The Success of Failure; The Cairo Declaration of the Organization of Islamic Cooperation on Human Rights
Since the adoption of the Cairo Declaration of Human Rights in Islam (CDHRI) in 1990, there was an ongoing debate between Western and Muslim states regarding the compatibility of its provisions with human rights standards. The cultural divide reached its zenith when the Organization of Islamic Conference (OIC, since 2008, Organization of Islamic Cooperation) sponsored a series of resolutions on the prohibition of defamation of religions in Human Rights Council. However, there appeared to be a paradigm shift in the OIC human rights discourse when it adopted a Ten-Year Program of Action (TYPoA-2005). Accordingly, the statute of organization was amended in 2008, and protection of human rights and fundamental freedoms were incorporated into its objectives. The OIC, consequently, compromised with Western states on the notion of defamation of religions in the Human Rights Council.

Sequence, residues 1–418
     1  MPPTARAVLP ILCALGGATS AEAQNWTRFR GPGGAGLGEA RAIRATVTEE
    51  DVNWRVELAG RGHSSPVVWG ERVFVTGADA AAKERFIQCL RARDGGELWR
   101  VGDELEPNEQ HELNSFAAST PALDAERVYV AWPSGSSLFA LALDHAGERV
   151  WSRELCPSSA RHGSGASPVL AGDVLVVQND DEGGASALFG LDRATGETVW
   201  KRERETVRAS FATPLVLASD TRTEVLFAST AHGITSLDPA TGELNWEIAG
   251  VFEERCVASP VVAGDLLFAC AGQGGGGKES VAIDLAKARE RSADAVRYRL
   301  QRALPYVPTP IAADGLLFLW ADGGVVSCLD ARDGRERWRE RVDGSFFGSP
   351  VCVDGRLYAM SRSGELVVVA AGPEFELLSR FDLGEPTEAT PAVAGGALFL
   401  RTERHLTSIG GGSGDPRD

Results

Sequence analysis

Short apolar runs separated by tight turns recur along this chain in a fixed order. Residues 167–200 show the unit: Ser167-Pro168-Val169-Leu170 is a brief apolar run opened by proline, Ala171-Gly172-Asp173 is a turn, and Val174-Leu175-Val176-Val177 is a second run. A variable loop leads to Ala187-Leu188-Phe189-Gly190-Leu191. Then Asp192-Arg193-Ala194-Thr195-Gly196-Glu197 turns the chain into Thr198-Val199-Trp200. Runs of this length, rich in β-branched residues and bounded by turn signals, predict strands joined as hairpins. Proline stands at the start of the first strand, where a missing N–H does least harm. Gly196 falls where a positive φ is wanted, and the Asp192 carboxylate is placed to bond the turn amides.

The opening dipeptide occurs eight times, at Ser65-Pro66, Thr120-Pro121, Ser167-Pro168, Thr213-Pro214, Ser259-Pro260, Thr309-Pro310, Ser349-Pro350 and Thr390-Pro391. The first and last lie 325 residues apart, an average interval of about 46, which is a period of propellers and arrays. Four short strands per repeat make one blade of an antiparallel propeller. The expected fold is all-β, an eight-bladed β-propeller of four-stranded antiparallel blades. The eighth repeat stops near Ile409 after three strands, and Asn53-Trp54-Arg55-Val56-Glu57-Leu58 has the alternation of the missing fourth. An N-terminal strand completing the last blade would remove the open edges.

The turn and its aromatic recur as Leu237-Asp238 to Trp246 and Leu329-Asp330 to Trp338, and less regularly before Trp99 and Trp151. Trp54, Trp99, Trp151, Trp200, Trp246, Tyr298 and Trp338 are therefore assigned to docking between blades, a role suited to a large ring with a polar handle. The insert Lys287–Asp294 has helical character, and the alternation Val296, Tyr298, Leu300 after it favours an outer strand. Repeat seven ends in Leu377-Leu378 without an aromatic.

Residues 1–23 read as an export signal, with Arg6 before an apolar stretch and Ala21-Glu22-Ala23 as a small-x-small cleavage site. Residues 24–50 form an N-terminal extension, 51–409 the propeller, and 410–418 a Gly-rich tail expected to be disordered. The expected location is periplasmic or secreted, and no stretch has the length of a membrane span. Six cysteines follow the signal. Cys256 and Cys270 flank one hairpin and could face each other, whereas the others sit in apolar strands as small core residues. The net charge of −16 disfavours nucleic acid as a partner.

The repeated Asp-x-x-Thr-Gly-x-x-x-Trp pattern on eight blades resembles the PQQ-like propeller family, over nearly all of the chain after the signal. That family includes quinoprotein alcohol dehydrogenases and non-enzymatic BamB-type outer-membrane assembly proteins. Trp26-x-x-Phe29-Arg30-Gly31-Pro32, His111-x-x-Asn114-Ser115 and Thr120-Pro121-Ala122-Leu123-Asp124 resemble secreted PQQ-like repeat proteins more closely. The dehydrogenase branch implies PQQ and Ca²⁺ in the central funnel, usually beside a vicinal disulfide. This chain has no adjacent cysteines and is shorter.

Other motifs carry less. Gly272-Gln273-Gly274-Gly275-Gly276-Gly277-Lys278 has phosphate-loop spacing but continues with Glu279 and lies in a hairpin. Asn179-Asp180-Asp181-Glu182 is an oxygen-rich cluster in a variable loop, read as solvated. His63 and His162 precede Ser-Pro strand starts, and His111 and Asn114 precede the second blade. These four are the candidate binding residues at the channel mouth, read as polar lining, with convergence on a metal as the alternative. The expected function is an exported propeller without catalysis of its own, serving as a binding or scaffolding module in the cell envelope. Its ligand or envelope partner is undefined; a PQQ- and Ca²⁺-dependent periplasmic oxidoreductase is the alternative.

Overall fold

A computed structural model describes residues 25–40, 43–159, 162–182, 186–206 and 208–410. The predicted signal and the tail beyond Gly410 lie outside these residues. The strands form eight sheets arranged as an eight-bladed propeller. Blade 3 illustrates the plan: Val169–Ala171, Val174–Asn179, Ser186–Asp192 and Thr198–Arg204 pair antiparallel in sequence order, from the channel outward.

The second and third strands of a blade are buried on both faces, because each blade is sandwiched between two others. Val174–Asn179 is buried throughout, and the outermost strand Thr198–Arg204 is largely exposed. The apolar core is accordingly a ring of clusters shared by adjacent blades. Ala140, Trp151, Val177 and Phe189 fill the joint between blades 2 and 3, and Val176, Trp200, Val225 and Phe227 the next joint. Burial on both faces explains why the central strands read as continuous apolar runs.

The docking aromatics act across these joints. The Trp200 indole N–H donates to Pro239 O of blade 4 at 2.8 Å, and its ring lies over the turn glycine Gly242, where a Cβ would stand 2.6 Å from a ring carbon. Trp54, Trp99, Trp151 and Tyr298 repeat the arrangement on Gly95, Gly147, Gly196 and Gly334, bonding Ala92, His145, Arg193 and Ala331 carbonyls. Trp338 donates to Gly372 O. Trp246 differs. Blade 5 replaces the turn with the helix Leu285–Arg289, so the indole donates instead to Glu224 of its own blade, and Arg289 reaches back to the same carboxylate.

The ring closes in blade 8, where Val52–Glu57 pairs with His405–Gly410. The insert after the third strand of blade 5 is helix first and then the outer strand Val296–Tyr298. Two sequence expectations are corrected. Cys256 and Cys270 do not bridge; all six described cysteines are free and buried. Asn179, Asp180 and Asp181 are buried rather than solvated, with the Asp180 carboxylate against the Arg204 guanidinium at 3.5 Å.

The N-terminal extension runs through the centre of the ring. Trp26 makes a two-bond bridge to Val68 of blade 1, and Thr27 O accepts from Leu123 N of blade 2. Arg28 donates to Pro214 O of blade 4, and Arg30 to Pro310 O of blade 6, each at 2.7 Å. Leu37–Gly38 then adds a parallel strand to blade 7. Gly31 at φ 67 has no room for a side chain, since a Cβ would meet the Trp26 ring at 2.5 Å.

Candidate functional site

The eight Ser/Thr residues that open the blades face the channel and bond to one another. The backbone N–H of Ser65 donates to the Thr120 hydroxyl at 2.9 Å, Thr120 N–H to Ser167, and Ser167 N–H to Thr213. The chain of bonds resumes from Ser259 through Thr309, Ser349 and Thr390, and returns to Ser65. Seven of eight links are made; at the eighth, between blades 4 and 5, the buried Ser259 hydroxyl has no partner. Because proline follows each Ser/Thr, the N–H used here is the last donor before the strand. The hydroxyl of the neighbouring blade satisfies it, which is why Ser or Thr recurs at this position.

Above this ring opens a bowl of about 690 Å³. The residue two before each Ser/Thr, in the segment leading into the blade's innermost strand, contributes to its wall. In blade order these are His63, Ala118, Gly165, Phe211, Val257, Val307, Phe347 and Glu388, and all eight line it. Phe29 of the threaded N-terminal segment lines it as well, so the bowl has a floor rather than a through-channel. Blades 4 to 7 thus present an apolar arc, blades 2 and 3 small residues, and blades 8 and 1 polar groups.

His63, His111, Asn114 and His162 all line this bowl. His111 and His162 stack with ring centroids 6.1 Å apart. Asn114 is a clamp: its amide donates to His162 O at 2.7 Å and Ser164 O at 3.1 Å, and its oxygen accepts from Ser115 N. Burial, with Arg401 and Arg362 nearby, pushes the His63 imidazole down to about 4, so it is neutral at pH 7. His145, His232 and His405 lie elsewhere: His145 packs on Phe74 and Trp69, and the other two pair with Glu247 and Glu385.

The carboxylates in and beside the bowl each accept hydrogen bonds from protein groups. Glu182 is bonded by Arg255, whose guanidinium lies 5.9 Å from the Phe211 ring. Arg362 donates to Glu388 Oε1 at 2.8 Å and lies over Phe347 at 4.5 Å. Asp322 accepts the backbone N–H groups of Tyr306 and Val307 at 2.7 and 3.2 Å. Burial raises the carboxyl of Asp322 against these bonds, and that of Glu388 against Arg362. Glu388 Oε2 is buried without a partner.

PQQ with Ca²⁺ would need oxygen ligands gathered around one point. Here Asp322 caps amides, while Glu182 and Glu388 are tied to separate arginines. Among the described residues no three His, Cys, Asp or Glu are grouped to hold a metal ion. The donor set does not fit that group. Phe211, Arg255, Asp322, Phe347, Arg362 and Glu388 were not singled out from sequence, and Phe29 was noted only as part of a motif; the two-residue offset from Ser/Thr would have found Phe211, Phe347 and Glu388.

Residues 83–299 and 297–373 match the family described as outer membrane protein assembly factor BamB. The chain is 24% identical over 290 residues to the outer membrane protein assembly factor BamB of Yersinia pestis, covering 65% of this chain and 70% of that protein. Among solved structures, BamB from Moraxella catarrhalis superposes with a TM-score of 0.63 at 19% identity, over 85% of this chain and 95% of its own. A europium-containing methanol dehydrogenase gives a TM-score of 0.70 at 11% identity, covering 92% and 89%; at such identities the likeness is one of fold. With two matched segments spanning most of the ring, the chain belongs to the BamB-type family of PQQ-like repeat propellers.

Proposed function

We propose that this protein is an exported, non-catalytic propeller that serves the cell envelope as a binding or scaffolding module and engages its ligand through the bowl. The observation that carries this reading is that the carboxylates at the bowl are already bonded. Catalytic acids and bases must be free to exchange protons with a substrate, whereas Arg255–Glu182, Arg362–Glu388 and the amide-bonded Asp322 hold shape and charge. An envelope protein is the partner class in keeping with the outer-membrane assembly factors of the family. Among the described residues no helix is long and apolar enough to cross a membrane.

Moreover, the establishment of the Independent Permanent Human Rights Commission (IPHRC) in 2011 paved the way for the revision of the CDHRI which materialized as the Cairo Declaration of the Organization of Islamic Cooperation on Human Rights (CDOHR) in 2020. This article shall review the background and the internal and external factors of paradigm shift in OIC human rights politics with a descriptive and analytical method. The paper finally concludes that the paradigm change may seemingly bring OIC human rights rhetoric in alignment with UN human rights language, but it is less likely to improve human rights situation in member states.